By Pat Anson, PNN Editor
“Sugar pills relieve pain for chronic pain patients”
That is the actual headline in a news release issued this week by the Feinberg School of Medicine at Northwestern University. If you’re a pain sufferer and that doesn’t make you laugh or get your blood boiling – then the rest of this article probably will.
So be forewarned.
In an age when many chronic pain patients are being urged to try yoga, meditation, acupuncture and plain old aspirin, Northwestern researchers have concluded that many could find pain relief in a sugar pill.
That conclusion is based on a lengthy but small study of 63 patients with chronic back pain. Twenty patients were given no treatment, while the rest were given a placebo – a sugar pill that they were told was pain medication. No one was given an actual painkiller.
Over the course of 8 weeks, participants tracked their pain on a smartphone app, MRI brain images were taken, and psychological profiles of each patient were made.
The study, published in the journal Nature Communications, found that about half the patients who took the placebo had a 30 percent reduction in pain, a level considered just as effective as a real painkiller.
Researchers said patients who responded to the sugar pills had a similar brain anatomy and psychological traits. The right side of their emotional brain was larger than the left, and they had a larger sensory area than people who did not respond to the placebo. The placebo responders also were more emotionally self-aware, sensitive to painful situations and mindful of their environment.
“This is the first brain imaging RCT (randomized controlled trial) specifically designed to study chronic pain patients receiving placebo pills compared to a no treatment arm,” said senior study author A. Vania Apkarian, PhD, a professor of physiology at Northwestern University Feinberg School of Medicine.
“Daily pain ratings from a smart phone revealed that patients receiving placebo pills showed stronger pain reduction and a higher response rate compared to patients in the no treatment arm, indicating that placebo pills successfully induced analgesia that could not be explained by the natural history of the patient or the mere exposure to the study.”
Doctors ‘Should Seriously Consider’ Placebos
Although his study is small and needs to be replicated, Apkarian thinks doctors should put his findings to work.
"Clinicians who are treating chronic pain patients should seriously consider that some will get as good a response to a sugar pill as any other drug," he said. "They should use it and see the outcome. This opens up a whole new field."
Giving pain patients sugar pills would not only save healthcare costs, Apkarian says they would eliminate the risk of addiction and other side-effects from pharmaceutical drugs.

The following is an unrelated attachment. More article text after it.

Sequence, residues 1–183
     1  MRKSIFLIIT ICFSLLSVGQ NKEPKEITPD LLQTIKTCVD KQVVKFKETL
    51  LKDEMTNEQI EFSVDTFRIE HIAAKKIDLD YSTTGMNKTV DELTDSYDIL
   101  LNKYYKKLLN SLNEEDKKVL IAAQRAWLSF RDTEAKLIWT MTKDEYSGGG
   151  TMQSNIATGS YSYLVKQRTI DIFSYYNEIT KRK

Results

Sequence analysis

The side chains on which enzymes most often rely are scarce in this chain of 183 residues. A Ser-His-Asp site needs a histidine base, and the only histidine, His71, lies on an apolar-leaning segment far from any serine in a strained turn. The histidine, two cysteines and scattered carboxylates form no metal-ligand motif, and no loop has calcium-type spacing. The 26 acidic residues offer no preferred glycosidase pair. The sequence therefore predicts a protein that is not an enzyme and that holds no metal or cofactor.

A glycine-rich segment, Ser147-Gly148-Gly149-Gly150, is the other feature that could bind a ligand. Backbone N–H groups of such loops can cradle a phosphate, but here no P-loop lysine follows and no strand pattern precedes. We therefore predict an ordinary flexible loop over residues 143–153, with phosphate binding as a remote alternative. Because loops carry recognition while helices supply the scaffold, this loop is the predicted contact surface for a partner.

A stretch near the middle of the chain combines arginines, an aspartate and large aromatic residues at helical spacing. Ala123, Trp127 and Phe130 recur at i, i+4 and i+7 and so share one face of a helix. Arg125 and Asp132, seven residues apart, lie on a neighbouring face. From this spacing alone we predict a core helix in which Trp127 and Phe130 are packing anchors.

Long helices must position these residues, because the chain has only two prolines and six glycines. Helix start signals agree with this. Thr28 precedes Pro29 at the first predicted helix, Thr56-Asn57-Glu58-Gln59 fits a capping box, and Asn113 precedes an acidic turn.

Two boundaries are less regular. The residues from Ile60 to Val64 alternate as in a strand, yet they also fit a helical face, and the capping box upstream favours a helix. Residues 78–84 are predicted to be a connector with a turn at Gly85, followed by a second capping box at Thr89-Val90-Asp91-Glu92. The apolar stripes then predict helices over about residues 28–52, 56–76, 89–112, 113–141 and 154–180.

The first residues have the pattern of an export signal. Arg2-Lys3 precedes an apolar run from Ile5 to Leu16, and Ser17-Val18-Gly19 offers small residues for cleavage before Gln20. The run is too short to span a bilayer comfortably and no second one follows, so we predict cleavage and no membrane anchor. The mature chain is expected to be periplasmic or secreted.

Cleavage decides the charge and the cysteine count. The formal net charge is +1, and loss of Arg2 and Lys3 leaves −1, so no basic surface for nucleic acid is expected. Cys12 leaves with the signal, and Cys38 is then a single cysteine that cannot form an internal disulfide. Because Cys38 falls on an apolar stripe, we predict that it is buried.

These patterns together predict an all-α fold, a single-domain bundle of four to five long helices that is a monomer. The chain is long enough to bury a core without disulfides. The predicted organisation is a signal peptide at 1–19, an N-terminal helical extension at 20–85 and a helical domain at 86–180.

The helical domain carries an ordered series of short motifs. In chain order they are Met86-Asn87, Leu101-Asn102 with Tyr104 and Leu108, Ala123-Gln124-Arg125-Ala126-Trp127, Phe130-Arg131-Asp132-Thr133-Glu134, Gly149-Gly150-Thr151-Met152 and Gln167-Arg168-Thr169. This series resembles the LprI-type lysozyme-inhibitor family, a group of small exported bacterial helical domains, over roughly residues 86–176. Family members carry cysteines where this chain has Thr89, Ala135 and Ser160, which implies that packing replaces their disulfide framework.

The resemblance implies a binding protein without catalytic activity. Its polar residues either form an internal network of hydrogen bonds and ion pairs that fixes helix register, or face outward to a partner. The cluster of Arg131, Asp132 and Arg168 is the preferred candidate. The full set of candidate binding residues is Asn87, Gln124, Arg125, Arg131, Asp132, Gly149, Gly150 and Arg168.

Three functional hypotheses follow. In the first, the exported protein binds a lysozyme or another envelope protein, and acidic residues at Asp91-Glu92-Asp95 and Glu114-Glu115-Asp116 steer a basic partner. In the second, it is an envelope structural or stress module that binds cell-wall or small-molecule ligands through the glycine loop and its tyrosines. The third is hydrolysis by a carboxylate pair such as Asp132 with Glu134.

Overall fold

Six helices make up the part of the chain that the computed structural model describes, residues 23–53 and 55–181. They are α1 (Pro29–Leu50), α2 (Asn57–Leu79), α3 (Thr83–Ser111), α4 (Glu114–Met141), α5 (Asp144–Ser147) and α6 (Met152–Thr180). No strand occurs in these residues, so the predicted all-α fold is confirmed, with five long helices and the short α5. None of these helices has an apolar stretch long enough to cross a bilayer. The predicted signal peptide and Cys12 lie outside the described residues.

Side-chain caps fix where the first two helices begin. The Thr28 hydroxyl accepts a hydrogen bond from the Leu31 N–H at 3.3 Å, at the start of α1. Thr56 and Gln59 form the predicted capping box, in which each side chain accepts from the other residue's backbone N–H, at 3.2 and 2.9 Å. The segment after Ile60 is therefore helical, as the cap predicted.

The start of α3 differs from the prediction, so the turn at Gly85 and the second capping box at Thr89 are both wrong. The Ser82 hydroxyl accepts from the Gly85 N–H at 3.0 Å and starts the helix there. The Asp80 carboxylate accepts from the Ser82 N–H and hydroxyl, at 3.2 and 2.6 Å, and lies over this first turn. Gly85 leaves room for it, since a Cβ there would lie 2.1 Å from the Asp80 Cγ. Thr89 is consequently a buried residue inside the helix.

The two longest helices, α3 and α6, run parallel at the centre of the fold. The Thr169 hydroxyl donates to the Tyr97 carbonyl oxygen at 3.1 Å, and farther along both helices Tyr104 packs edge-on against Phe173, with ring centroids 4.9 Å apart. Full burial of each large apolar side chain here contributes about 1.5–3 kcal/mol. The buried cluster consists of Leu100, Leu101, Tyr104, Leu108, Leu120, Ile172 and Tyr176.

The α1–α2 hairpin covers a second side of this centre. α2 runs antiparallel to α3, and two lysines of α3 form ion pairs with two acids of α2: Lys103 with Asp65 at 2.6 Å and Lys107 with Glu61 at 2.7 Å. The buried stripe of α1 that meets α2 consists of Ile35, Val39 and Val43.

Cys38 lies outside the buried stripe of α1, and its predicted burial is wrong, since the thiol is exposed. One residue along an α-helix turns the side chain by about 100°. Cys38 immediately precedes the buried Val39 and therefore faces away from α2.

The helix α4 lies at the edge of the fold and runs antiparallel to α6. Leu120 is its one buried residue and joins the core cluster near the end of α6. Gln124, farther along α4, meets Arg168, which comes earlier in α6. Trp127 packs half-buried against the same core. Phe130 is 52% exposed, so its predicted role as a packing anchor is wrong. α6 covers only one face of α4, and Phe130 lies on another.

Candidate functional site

"It's much better to give someone a non-active drug rather than an active drug and get the same result," Apkarian said. "Most pharmacological treatments have long-term adverse effects or addictive properties. Placebo becomes as good an option for treatment as any drug we have on the market."
The medical community has long known about the potency of the placebo effect and put it to use. Doctors as far back as the late 18th century used placebo treatments “more to please than benefit the patient.”
Today, the gold standard of clinical trials is a “placebo-controlled study” in which some participants are given sugar pills and sham treatments. The medication or therapy being studied has to be found more effective than the placebo for the study to be considered a success.
Time magazine recently published a cover story on placebos, sharing the stories of real patients who find relief in placebo pills even though they know they’re fake.
You don’t need to enroll in a clinical study to take placebos. You can buy a bottle of Zeebo’s “honest placebo pills” for $14.95 on Amazon. Some of the reviews for Zeebo are hilarious.
“I have not bought this product, but just reading about it brightened my day. And the comfort of knowing that if I ever needed a good placebo, its right here available with free shipping and two day delivery. I feel better already!” said one reviewer.
“The pills do every thing promised, which is nothing,” wrote another reviewer. “I purchased them in the forlorn hope that they would fool my demented wife that they helped to relieve her chronic pain. I didn't expect much going in and I wasn't disappointed.”